A newly released recording reportedly shows that Iranian officials knew a missile had brought down a Ukrainian passenger airplane last month. The plane crashed shortly after leaving Tehran, killing all 176 people on the jet.
Sunday night, a Ukrainian television station broadcast what it said was a recording of an exchange between Iranian air traffic controllers and an Iranian pilot.
Ukrainian President Volodymyr Zelensky confirmed the authenticity of the recording.
Iran reacted on Monday. The head of the Iranian team investigating the crash, Hassan Razaeifar, said he believed the recording was real. He admitted that the recording had been given to Ukrainian officials. But he condemned its release to the media, calling the act “unprofessional.”
The Mehr news agency reported that Rezaeifar said the release made Iran not want to give the Ukrainians any more evidence.
Iran’s civilian government denied for days after the January 8 crash that it knew who had shot down the aircraft. The aircraft was struck hours after Iran’s Revolutionary Guard launched ballistic missiles in an attack on Iraqi bases that housed United States forces. It was Iran’s reaction to an American drone aircraft killing a top Iranian general, Qassem Soleimani, in Baghdad. Soleimani was the top general of the Guard’s Quds Force.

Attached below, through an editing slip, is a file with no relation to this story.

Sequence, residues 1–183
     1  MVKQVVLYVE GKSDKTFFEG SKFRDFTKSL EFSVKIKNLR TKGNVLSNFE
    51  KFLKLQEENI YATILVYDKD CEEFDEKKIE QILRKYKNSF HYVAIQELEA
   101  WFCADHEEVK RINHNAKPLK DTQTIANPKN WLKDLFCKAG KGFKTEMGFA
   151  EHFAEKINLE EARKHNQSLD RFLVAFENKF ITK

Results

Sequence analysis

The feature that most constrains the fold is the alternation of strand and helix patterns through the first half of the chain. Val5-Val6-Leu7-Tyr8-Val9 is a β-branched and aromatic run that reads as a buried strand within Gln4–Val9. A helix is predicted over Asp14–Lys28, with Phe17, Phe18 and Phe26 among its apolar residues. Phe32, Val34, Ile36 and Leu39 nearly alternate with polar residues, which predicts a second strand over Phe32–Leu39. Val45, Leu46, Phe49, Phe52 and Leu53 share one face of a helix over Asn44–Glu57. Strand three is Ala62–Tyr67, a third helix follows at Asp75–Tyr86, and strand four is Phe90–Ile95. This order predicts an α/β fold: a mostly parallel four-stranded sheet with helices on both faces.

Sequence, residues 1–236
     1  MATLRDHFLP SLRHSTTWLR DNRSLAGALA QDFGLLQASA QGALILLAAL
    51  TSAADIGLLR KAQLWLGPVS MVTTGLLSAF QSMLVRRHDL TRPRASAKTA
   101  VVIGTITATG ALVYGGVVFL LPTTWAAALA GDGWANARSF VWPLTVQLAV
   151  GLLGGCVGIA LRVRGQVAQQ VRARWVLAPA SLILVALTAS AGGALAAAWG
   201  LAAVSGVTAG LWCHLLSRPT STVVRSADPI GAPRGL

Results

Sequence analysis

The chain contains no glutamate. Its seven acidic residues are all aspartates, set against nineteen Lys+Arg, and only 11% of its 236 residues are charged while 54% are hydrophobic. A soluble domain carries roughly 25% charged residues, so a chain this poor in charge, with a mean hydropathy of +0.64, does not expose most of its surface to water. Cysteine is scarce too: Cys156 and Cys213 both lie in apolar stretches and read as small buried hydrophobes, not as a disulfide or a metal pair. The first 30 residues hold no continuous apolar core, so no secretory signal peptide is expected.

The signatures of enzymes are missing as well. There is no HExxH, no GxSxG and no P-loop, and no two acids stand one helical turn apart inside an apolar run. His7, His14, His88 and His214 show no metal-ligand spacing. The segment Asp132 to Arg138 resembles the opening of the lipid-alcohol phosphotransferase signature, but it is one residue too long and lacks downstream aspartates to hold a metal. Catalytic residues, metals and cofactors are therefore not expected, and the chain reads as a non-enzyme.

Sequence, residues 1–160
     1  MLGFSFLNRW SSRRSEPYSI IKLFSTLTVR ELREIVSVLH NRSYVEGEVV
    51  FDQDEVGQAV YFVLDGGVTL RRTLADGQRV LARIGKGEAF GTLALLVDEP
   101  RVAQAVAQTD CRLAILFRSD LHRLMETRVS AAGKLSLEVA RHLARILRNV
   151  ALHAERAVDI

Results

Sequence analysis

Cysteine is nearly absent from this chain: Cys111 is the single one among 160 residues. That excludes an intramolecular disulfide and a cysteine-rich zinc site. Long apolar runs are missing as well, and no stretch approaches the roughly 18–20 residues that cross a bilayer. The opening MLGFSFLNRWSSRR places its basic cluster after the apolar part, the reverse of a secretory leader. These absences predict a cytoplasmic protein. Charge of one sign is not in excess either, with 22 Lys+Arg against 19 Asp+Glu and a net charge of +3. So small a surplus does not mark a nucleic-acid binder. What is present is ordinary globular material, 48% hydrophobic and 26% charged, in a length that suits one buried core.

The Associated Press notes that the Guard is answerable only to Iran’s top religious leader, Ayatollah Ali Khamenei.
Ukrainian TV publishes recording
Ukrainian television channel Ukrainian 1+1 published a written version of the recording. It contains an exchange between an air-traffic controller and a pilot for Iran’s Aseman Airlines. His plane reportedly was flying near Tehran at the time of the attack.
“A series of lights like…yes, it’s a missile, is there something?” the pilot calls out to the controller.
“No, how many miles? Where?” the controller asks.
The pilot then says, “It is the light of a missile.” He later says that he saw an explosion. “It was an explosion. We saw a very big light there, I don’t really know what it was,” the pilot goes on to say.
Publicly available radar information suggests that people on the Aseman Airlines flight were close enough to Tehran to see the explosion.
For several days, civilian aviation officials in Iran said a missile did not bring down the plane. At the same time, Canadian Prime Minister Justin Trudeau and U.S. officials said it appeared that the plane had been shot down.
Ukraine’s president told the television station that, “The recording, indeed, shows that the Iranian side knew from the start that our plane was shot down by a missile.”
Zelensky again asked Iran to send the plane’s flight recorders to Kyiv. Iranian officials promised to do so last month but have not yet done so.
On Monday, Ukrainian investigators were to travel to Tehran to take part in the process of decoding the recorders, known as “black boxes.” Zelensky, however, wants the devices to be brought to Kyiv. “It is very important for us,” he said.
I’m Mario Ritter, Jr.
Mario Ritter Jr. adapted this Associated Press story for VOA Learning English. George Grow was the editor.
Words in This Story
authenticity – n. something that is not a reproduction or a copy
channel – n. a television or radio station
mile – n. a form of measurement equal to 1.6 kilometers
decode – v. to discover the meaning of information provided